The reason the FBI, and other organizations that followed their lead, went back to the 9mm, truly relates less to the superiority of the round and more to the cost and logistics of effective and constant training. While the FBI Executive Summary claims differently, the reality of actual bullet performance indicates their decision related more to the cost of larger ammunition and the more advanced and in-depth marksmanship training required to get effective use out of larger rounds.

Ultimately, based on the history of ammunition development and stories of smaller projectiles proving to be less effective, what the FBI really concluded was that the modern improvements to the 9mm made it good enough. While the FBI Executive Summary declares the 9mm is superior and that stopping power is a myth, they don’t adequately back that up.

The ammunition performances they cite, the lack of insight they provide into the administrative decision process for abandoning the.40 S&W, and the history of ammunition development and use over the last century-and-a-half should make all marksmen cautious of accepting the assertion that “stopping power is simply a myth.”

Personally, the FBI study and the new debate about stopping power it unleashed informed me more about what it is – but it doesn’t force me to conclude that I should dump the .40 S&W.

As an individual, I have very different considerations when compared to a large organization. How much time do I dedicate to training? How natural are my marksmanship skills? What gun works best for concealment or feels good in my hand (and what ammunition options are there for that gun)? What kind of gun/ammunition did I grow up shooting? Do I flinch or anticipate when shooting? Am I “recoil sensitive”? Do I anticipate the recoil or have sympathetic grip reflexes in response to the feeling that the gun might fly out of my hand?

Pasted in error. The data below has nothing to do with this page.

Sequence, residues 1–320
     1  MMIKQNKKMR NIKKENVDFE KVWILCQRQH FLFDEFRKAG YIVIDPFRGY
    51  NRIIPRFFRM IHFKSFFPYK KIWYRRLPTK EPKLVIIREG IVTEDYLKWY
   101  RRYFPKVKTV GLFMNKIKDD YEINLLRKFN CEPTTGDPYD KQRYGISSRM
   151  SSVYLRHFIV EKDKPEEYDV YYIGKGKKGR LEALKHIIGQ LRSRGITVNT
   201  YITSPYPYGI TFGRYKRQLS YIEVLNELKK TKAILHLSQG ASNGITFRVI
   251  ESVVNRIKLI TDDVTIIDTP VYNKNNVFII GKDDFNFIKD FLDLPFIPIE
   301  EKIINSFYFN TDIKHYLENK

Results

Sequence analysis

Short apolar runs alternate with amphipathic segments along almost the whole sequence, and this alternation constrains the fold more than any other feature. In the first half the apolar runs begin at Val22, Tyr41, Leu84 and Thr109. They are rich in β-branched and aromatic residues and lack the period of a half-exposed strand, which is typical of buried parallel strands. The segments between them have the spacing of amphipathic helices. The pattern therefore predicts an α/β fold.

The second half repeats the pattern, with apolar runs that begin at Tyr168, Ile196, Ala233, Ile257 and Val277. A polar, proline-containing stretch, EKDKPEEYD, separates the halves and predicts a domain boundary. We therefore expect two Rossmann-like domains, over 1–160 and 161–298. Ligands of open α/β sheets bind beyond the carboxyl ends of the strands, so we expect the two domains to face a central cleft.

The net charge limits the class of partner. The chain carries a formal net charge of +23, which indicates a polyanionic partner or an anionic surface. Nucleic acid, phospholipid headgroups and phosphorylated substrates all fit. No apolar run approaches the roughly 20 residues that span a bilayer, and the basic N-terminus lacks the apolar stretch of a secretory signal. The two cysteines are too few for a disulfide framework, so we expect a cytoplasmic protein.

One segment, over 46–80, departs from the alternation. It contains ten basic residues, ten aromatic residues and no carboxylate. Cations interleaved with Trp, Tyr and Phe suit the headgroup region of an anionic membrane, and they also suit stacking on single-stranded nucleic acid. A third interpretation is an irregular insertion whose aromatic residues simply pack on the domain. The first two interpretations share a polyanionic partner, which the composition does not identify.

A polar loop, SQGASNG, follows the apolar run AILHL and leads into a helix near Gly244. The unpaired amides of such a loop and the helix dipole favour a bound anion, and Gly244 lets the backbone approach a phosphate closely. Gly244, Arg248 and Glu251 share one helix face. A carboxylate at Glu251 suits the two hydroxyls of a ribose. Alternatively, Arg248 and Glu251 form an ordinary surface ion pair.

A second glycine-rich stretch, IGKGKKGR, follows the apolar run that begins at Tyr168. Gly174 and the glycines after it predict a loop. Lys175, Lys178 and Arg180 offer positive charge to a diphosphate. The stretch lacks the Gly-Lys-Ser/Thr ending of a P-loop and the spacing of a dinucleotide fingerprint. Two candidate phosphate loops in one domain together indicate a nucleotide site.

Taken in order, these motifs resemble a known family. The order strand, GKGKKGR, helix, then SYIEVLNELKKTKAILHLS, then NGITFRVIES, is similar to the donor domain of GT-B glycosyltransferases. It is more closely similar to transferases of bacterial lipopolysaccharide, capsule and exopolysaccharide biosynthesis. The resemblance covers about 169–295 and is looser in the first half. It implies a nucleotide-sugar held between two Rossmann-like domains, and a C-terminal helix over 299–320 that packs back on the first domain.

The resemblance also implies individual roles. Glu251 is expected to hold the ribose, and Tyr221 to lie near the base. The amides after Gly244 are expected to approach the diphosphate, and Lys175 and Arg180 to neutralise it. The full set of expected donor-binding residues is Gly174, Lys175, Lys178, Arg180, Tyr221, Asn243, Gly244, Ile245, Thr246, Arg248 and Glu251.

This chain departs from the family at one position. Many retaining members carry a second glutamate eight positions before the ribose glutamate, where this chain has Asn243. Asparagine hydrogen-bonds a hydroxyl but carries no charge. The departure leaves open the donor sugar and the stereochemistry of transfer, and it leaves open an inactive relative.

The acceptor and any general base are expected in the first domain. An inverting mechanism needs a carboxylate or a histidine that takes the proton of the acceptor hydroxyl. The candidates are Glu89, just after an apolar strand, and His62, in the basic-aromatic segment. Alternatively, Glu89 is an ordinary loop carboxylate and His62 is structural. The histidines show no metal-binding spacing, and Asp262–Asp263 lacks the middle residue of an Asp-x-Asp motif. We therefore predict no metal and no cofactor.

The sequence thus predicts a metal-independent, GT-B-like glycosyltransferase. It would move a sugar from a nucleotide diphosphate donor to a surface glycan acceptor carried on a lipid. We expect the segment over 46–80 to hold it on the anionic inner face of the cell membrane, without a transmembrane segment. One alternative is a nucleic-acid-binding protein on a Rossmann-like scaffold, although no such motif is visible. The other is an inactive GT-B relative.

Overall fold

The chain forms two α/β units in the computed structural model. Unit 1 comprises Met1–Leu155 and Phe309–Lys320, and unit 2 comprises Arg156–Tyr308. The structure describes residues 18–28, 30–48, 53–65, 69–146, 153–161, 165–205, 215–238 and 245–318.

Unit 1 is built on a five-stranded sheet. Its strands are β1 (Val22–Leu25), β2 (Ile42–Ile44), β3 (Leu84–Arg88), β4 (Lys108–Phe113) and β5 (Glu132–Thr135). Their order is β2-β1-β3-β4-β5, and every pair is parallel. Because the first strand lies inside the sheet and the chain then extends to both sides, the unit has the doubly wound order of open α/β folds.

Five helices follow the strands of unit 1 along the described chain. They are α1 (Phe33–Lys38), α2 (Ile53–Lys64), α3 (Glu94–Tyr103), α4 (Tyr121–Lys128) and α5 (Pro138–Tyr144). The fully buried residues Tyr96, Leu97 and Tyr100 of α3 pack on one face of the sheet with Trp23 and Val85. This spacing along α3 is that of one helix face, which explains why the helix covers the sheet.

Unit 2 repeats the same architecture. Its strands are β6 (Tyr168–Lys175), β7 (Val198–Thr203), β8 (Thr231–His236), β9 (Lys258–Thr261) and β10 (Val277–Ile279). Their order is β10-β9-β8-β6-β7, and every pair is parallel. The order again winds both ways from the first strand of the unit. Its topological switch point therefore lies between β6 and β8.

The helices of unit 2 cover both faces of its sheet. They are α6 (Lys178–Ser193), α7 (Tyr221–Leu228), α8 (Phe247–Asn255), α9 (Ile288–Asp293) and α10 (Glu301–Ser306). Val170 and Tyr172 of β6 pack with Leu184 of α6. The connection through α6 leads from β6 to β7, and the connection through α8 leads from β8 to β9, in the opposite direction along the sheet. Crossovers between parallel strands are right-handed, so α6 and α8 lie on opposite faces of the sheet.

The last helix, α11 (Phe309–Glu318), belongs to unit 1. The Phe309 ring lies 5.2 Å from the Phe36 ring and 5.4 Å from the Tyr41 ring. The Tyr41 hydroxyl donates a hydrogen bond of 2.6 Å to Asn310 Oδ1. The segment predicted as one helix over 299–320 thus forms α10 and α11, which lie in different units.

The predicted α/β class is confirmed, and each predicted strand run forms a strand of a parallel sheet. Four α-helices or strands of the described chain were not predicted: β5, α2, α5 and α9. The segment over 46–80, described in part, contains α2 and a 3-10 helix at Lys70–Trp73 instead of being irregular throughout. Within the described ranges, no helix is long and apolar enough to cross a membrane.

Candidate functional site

The definitive conclusions of the FBI Study are that shot placement is the underlying factor in lethality. So yes, all of the above considerations have a more significant impact on stopping power than the size of the bullet. If, for whatever reason, I can’t shoot fast and accurately with the weapon and ammunition I’m currently using, then yes, switching to a 9mm,.380 ACP, or other smaller caliber would grant me more stopping power than I currently have.

But this doesn’t mean bullet size doesn’t matter. If I can put three rapid shots on top of each other at ten yards or more with my .40 S&W than I do have more stopping power than someone who can only do the same thing with a smaller round.

In case you were wondering, I’m still a .40 S&W guy. Constant self-assessment has led me to conclude that my skill is good enough to allow my original thought process to remain relevant. But I am much more aware of the necessity to maintain my marksmanship while carrying a larger round.


Justin Stapley is the Shooting Director for Spencer Durrant Outdoors, and a political writer whose principles and beliefs are grounded in the idea of ordered liberty as expressed in the traditions of classical liberalism, federalism, and modern conservatism. His writing has been featured at the Federalist Coalition, the NOQ Report, and Porter Medium. He lives in Bluffdale, Utah, with his wife and daughters.